mer be made to bear part of the Eng"lish Farmer's taxes; and here I take my fstand."--You, in reply, say, "but he, "will not bear part then, for he will not

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ing it in print, that this would have "been regarded as an imputation upon "my character: and the Consul of his "Britannic Majesty has preceded in "this point as the most fanatic cassal ei his Catholic Majesty might be suppos"ed to have done."

Unmasked, is as little entitled to atten"tion as the preceding. Such a charge "is the more preposterous, as being

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brought against me by a citizen of a "free and enlightened nation, which, "from principles of religion and a just "resentment, must detest that tribunal.

"I could not have believed, without see-am disposed to think, of the former blun

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ders of the Ministry. And why can it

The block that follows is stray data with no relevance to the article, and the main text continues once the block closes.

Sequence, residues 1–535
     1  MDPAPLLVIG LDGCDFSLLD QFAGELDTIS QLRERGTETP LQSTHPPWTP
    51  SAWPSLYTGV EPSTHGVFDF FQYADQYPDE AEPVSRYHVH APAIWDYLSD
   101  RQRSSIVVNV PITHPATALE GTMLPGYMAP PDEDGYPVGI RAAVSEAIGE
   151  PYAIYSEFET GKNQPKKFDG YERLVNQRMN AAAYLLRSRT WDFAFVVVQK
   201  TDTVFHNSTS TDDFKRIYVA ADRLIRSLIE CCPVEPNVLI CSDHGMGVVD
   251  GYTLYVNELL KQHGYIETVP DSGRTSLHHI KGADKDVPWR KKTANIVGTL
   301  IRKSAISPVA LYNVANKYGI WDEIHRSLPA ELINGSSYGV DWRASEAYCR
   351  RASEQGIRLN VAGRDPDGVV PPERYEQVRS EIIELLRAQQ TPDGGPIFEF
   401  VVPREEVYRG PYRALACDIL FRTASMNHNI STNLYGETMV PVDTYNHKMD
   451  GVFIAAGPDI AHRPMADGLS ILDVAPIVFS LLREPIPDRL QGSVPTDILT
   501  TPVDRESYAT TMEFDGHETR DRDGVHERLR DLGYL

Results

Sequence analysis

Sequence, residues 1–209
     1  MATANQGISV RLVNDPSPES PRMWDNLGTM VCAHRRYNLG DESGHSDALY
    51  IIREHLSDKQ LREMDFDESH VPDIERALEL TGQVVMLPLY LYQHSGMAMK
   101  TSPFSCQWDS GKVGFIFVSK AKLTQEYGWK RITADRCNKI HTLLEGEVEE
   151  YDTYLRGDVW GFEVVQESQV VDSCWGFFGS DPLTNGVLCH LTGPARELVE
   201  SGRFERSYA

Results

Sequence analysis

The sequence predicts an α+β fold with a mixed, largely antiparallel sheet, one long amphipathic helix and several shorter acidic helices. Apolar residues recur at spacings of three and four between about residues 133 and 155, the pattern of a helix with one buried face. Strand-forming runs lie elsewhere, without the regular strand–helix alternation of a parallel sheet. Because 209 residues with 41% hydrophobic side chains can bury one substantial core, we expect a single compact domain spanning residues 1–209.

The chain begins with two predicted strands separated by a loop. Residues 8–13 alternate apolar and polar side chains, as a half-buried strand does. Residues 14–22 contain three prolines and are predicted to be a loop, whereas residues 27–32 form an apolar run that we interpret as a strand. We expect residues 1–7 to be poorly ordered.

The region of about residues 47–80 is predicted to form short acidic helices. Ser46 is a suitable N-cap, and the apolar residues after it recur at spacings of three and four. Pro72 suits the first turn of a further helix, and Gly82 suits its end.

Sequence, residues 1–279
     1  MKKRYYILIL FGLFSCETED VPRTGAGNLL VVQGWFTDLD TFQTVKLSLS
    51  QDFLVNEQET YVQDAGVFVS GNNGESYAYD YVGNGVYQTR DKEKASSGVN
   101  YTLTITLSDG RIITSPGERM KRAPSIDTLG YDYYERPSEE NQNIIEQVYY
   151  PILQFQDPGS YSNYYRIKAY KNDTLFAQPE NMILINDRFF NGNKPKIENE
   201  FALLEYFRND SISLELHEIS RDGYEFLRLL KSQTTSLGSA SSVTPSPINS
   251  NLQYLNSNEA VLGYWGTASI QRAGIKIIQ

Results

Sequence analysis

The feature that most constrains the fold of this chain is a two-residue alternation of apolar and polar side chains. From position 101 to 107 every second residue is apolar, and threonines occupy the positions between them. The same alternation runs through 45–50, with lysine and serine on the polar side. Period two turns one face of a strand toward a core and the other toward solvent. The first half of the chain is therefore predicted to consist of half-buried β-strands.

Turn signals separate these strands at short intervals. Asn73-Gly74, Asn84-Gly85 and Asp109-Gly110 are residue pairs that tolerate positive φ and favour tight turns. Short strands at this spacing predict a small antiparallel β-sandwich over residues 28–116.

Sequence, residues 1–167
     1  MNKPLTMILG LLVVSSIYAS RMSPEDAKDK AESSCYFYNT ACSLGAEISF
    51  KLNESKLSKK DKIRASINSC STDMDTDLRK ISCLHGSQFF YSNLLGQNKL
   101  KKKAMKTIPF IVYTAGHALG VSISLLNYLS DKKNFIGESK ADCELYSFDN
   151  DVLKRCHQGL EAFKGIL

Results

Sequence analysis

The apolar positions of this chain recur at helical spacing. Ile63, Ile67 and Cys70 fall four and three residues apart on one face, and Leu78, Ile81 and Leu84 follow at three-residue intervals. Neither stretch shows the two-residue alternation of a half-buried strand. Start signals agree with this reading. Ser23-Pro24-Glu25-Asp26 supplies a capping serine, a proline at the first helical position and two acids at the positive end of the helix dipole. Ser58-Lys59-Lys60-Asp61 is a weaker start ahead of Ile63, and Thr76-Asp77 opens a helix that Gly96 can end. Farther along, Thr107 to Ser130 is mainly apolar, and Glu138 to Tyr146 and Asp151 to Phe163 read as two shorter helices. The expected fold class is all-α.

not? Why because our extravagance and
prodigality, in spending, lending, and
giving away the Wealth of the Nation,
has been so rapid and so vast. We have
contracted an immense debt, and must
continue to pay the interest of an addi-
tional six hundred millions, incurred
within these twenty years, to preserve
our honour, and our credit from being
sullied. We cannot, therefore, reduce

LOOK AT HOME.

MR. COBRETT.-I agree with you, that John Bell's attention has, of late

bring his corn, and it is meant, that he "should not--Here I take my stand." -The article from the Courier (looking at its purpose) is written with adroitness, and great ability; but you have, with equal adroitness, and with much greater aptness of argument, fully and fairly detected, and exposed, its plausible fallacy-after which you say-" Reduce the Taxes of the English Farmer, and then "he will grow corn enough, without the aid of foreign supply."-But this Reduction, (as I know you are fully aware, tho' you choose to pause here,) cannot be expected to happen at least in time, and to the extent sought, for the relief of the Farmer; or rather, for the relief, I

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Country lift her head amidst surrounding Nations!-and still may we find means, sufficient to meet all purposes.-Methinks I hear the manufacturers and agriculturists say, "Why, yes; all this